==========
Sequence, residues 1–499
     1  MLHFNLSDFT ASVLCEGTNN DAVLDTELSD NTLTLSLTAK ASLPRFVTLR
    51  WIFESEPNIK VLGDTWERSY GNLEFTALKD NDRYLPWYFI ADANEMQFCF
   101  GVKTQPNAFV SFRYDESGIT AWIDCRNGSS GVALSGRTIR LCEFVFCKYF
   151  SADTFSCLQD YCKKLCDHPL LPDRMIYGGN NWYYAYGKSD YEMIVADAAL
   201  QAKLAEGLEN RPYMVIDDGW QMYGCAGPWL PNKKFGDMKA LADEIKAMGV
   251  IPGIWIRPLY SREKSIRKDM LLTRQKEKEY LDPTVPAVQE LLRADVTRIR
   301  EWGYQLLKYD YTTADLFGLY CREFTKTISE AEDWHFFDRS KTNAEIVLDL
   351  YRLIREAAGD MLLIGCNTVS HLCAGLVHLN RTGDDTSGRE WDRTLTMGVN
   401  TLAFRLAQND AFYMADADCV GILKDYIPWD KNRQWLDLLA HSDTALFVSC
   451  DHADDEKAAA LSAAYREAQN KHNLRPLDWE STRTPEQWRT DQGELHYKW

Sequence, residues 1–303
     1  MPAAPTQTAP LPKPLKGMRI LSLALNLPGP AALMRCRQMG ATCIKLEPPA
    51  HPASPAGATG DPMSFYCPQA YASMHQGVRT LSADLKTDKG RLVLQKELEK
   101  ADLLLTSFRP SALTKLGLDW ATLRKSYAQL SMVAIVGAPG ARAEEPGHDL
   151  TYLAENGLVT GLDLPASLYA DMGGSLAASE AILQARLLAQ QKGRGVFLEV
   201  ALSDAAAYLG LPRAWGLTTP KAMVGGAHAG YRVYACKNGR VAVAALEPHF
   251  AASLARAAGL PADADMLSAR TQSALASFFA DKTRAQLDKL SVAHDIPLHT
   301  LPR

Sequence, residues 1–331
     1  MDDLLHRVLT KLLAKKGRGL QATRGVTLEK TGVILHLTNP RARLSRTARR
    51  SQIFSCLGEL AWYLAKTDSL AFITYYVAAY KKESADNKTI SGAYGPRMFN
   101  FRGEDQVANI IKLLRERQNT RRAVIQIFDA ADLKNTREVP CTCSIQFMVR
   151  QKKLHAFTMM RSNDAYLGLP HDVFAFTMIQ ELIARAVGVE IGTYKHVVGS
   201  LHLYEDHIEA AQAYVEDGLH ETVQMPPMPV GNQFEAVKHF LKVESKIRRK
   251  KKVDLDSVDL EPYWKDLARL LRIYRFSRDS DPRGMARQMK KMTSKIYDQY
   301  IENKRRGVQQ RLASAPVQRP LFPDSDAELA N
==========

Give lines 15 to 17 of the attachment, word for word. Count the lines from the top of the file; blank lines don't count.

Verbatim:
   101  ADLLLTSFRP SALTKLGLDW ATLRKSYAQL SMVAIVGAPG ARAEEPGHDL
   151  TYLAENGLVT GLDLPASLYA DMGGSLAASE AILQARLLAQ QKGRGVFLEV
   201  ALSDAAAYLG LPRAWGLTTP KAMVGGAHAG YRVYACKNGR VAVAALEPHF